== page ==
15. 15. information is not separated into those used to encode differential error as when motion compensation is in place from those used to directly encode pixel values. The picture type (i.e., I, P, or B), however, serves as a heuristic to make this classification since no motion compensation is used in I frames and the number of intracoded macroblocks in P or B frames is usually small. It should further be noted that this schema is only our initial design and that we plan on revisiting this design after gathering feedback from early users. 4.3. Interface The interface to the MPEGstats information will be two-fold. First, we will develop a web-based interface through which a subset of the statistics can be accessed (Figure 9, Figure 10). A prototype of this interface is in place at http://www.mpegstats.msreasearch.us. This will serve to make the information immediately available to a wide community of users. Second, we will develop a web service interface to the backend database such that more complicated queries can be issued. The existence of integrated database connectivity in the .NET framework and well-defined XML-based web service interfaces such as SOAP make this task almost effortless. Figure 9 – MPEGstats web interface showing the number of chapters for a title along with the min, max and average frame sizes for I, B and P frames. Links for detailed queries are at the bottom.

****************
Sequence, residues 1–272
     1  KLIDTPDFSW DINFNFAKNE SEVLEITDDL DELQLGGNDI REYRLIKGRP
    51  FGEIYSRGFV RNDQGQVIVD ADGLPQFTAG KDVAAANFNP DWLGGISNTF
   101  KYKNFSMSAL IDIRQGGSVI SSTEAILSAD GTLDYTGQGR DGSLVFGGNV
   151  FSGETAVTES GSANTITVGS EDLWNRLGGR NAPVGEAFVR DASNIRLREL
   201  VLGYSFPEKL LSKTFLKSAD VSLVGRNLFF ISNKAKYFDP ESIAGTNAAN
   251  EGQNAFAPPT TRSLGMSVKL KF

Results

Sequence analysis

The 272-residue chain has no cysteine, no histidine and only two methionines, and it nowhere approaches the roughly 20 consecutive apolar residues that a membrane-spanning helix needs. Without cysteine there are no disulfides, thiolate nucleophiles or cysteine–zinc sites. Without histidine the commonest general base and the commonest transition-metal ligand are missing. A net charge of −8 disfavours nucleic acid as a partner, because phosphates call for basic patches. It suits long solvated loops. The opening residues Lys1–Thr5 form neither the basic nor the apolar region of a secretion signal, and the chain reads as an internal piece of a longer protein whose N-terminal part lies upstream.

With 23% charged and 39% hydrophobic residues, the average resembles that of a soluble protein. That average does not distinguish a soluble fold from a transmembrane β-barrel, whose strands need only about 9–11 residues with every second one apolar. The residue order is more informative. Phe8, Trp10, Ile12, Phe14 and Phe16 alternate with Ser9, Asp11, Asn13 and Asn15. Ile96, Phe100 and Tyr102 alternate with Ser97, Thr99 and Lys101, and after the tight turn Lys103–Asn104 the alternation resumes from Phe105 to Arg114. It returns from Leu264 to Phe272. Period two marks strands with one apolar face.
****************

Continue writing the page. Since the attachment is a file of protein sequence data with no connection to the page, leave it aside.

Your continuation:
16. 16. Figure 10 – MPEGstats web site; results from “detail by chapter” for a title. 4.4. Legality issues We want to be careful not to violate any copyright laws in hosting this web site and web service. The publication of data on MPEGstats involves several steps: 1. Obtaining a decrypted MPEG stream from a DVD 2. Extracting the statistics via a program that uses the MPEG2Event library 3. Entering the statistics in the MPEGstats database 4. Making the statistics from the database available to the public via a web site and web service. It is clear that steps 3 and 4 do not infringe any copyrights, as they involve only statistics, not the actual copyright material. In step 2, we note that at no time have we actually decoded the data and/or produced a visual picture either in memory or on the screen. Thus, we have only used the bits on the DVD as data without having viewed or having allowed to be viewed the visual information protected by the copyright. The only potentially troubling step is step 1, in which, if an unauthorized decryption method is used, it might be construed as violating the DMCA. While we do not think there is actually a violation, since there is never any visualization of the result, nor any copies made, we will err on the side of caution by strictly separating steps 1/2 from steps 3/4. The web site operation will only publish material contributed by third parties. 5. Example: Exploring MPEGstats In this section, we explain how we used MPEG2Event to answer a question about encoded video. The fundamental operation of data compression is the removal of redundancy. While completely general methods exist, within the specific domain of video compression, coding schemes rely on the highly structured nature of the data type. In particular, a pixel’s color value is likely to be similar to those around it and the overall visual content is little changed from one frame to the next. Thus, frequency-domain representations (e.g., discrete cosine transform, wavelets, etc.) and interframe compression techniques (e.g., motion compensation, difference coding, conditional replenishment, etc.) are the mainstays of most coding